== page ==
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  • Rebels, Rent, and Tao Xu: Local Elite Identity and Conflict during and after the Tai Ping Occupation of Jiangnan, 1860–84
  • Jeremy Brown (bio)

Between 2004 and 2009, the Chinese Communist Party’s Central Committee issued six consecutive “number one directives” (yi hao wenjian) about reducing the peasant burden and increasing rural incomes.1 In response, several Chinese scholars have suggested that the writings of an obscure late Qing grain shop owner named Tao Xu (1821–91) can be applied to the rural problems of the twenty-first century. According to Chen Yue of Anhui Normal University and Chen Shaohua of the South-Central University for Nationalities, implementing Tao Xu’s plan to bolster rural incomes would help increase China’s overall consumer spending and expand the domestic marketplace today.2

This is not the first time Tao Xu has been mentioned during national debates on rural issues. Tao’s writings first circulated widely in 1927, when his son republished them in support of a Nationalist proposal to reduce rural rents by 25 percent.3 Tao felt ignored during his lifetime, but he may not have appreciated being invoked in Nationalist or Communist proposals. Tao, who was from a merchant family in Zhouzhuang, a town in Jiangsu’s Yuanhe county, distrusted urban efforts to reshape the countryside. Rescuing Tao’s story from [End Page 9] the narratives of China’s modern political parties requires close attention to his context and biography.

Tao is best known for his authorship of Zuhe (Inquiry into Rents, first published in 1884), a reform tract that attacked the advantages seized by city-based landlords in the post-Taiping period. In Zuhe, Tao expressed moral outrage that wealthy elites from Suzhou, twenty miles northwest of Zhouzhuang, depicted themselves as the bearers of benevolent postwar reform while mercilessly exploiting poor tenant farmers. Tao wrote passionately about cruel rent collectors acting at the behest of oppressive absentee landlords from Suzhou, beating indigent tenants until their “flesh and blood flew everywhere.”4 Wherever Tao looked he saw “depression and withered wasteland.”5 In Tao’s mind, nobody cared but him. Only he was willing—or qualified, for that matter—to speak up on behalf of poor tenant farmers and offer a striking proposal that aimed to keep the agricultural surplus in the countryside and out of the hands of city landlords.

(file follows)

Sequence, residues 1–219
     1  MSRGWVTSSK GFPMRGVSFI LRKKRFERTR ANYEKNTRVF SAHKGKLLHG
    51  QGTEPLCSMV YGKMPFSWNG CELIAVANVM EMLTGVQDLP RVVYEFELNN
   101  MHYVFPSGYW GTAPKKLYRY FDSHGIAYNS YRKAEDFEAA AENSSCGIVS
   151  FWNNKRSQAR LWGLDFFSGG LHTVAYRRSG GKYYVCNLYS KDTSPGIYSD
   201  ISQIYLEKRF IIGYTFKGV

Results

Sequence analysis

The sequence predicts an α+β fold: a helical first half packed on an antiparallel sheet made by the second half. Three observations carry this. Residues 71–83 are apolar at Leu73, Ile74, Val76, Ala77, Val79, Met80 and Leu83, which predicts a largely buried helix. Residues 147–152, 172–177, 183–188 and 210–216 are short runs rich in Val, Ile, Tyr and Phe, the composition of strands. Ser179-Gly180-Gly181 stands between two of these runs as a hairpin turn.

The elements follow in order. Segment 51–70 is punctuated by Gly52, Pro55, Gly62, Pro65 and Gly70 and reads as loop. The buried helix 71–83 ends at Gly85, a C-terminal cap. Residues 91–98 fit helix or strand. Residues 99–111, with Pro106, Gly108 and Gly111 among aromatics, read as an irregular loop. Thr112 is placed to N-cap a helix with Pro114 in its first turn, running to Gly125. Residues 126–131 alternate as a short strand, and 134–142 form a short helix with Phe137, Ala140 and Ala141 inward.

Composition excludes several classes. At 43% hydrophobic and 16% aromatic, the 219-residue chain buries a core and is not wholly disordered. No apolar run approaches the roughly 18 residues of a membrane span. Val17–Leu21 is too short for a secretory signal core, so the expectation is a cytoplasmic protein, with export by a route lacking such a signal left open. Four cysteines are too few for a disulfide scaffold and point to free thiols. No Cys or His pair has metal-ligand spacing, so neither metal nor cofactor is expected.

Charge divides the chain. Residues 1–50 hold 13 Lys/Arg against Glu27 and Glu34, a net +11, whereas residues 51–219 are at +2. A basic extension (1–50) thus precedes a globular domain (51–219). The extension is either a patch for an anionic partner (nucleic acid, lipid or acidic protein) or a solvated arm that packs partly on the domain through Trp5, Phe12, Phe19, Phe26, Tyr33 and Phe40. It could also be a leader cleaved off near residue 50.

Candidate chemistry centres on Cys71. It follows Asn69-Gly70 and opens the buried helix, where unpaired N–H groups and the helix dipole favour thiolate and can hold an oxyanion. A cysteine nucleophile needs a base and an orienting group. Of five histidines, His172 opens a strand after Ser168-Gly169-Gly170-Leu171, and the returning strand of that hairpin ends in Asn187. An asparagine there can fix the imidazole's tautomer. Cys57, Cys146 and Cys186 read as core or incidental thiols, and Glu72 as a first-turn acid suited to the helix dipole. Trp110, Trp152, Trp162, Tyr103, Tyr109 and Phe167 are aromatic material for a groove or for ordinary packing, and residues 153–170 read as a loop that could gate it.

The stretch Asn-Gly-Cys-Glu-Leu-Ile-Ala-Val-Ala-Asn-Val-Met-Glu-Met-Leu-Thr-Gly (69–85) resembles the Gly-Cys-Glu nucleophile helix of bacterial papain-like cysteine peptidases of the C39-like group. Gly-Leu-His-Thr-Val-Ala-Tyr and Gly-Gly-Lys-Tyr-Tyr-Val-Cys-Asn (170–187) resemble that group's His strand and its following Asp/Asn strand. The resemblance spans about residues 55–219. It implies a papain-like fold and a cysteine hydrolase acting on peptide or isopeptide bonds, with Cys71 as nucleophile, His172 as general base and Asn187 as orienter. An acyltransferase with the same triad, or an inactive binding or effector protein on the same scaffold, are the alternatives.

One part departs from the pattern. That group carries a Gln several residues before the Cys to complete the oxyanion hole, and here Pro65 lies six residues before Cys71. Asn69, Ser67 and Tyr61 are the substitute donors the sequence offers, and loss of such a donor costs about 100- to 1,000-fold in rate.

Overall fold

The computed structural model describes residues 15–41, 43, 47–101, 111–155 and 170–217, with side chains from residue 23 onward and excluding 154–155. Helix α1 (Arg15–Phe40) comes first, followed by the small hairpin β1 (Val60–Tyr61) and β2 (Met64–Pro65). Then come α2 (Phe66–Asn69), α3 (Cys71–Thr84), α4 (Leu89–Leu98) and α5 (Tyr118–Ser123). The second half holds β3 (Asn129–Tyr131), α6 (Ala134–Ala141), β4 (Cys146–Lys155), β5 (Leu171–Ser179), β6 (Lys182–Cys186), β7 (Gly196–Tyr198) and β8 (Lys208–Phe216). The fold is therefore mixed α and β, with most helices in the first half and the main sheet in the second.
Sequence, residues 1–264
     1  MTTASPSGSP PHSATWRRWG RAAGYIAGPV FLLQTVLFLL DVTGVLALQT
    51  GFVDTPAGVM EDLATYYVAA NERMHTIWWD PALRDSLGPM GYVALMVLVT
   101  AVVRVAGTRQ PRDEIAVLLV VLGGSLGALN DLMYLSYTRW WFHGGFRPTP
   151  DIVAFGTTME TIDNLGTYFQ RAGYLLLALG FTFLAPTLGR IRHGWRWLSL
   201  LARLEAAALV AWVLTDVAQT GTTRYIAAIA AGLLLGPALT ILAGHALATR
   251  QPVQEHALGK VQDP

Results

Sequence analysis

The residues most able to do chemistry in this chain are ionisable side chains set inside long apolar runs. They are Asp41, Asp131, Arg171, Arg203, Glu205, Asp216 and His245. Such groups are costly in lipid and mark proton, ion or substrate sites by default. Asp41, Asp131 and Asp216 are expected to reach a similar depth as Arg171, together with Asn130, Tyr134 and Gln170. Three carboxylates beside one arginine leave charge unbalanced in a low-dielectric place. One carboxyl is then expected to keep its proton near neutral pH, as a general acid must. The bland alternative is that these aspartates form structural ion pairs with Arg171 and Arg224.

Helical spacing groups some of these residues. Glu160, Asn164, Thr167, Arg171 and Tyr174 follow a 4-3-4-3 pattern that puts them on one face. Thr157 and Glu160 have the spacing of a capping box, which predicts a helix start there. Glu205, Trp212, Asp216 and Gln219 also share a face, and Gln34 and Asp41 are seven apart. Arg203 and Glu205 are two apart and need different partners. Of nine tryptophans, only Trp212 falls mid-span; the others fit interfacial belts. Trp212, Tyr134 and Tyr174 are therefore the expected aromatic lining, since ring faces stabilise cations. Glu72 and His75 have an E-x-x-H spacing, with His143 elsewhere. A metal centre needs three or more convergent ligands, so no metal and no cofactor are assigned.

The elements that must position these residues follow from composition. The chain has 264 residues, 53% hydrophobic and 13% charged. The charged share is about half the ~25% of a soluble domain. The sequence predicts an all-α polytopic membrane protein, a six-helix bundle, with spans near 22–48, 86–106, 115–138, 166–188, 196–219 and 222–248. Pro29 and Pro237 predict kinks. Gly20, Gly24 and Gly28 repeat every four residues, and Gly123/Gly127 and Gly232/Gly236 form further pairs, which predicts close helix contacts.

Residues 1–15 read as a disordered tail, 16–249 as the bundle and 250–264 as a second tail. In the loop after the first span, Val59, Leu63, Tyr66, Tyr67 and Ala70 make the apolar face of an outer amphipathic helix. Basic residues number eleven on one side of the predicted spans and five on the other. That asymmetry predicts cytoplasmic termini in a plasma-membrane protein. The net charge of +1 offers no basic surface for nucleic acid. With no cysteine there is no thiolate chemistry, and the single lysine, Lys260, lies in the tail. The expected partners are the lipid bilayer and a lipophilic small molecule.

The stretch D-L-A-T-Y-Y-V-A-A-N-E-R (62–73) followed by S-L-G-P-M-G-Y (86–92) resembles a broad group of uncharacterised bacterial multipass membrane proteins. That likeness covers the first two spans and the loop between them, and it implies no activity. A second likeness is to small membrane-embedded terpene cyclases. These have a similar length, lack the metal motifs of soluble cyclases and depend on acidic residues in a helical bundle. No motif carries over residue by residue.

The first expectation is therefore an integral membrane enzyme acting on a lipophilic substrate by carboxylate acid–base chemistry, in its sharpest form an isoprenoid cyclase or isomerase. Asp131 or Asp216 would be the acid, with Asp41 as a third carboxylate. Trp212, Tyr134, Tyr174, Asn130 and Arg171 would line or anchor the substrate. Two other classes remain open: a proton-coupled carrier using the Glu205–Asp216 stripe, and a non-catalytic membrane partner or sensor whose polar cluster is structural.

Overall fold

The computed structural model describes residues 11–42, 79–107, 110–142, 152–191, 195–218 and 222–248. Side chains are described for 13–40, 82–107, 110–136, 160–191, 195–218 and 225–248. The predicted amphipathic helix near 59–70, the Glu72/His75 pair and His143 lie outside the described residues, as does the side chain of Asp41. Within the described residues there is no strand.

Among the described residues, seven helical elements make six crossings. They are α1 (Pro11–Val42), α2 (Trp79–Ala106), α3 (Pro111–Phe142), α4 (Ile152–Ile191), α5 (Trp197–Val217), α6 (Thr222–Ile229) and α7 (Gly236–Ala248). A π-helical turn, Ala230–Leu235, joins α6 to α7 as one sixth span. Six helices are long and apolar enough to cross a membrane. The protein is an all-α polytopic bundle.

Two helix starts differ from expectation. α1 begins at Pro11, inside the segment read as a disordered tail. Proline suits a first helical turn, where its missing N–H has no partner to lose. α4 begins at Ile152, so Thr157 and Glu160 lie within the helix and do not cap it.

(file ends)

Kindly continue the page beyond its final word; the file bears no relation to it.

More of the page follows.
Tao Xu’s perspective on the Taiping occupation and its aftermath complicates our picture of late Qing local elites. During the years of Taiping control (1860–64), many elites from Suzhou fled to the relative safety of Shanghai. Tao Xu stayed behind in Zhouzhuang, coordinating and financing local defense efforts, forging alliances with gunboat bandits, and reaching an uneasy accommodation with the Taiping occupiers. As a result, Zhouzhuang stayed intact while surrounding areas were burned and pillaged. During the Taiping years in Zhouzhuang, a town of about four thousand people, Tao Xu was able to play an important leadership role and considered himself part of a military team linked to Li Hongzhang. Yet after the Qing victory over the Taiping in 1864, Suzhou gentry returned from exile and reasserted their control over the region. This angered Tao Xu, especially when representatives of city-based rent collection bureaus demanded rice and cash from the Zhouzhuang area. His response to city extraction was to write Zuhe, which proposed more equitable compensation for tenant farm labor.

Tao Xu self-consciously presented himself as consistently grounded in local, agricultural concerns (one friend wrote that Tao was a recluse who never went to the city).6 Tao sought the moral high ground against such Suzhou luminaries as Feng Guifen, who departed when the Taipings threatened but then claimed credit for lessening peasants’ burden in the 1860s.7 In one sense, Tao’s writings [End Page 10] and experiences are unsurprising, given Philip Kuhn’s still-convincing picture of a devolution of state power during the Taiping Rebellion, when local elites assumed enhanced military and political leadership roles and state influence declined.8 Tao’s family was prominent in Zhouzhuang before 1860, became more involved in local leadership during the Taiping years, and continued to thrive afterward. Yet Tao’s description of urban gentry...

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Additional Information

ISSN
1086-3257
Print ISSN
0884-3236
Pages
pp. 9-38
Launched on MUSE
2010-01-01
Open Access
No
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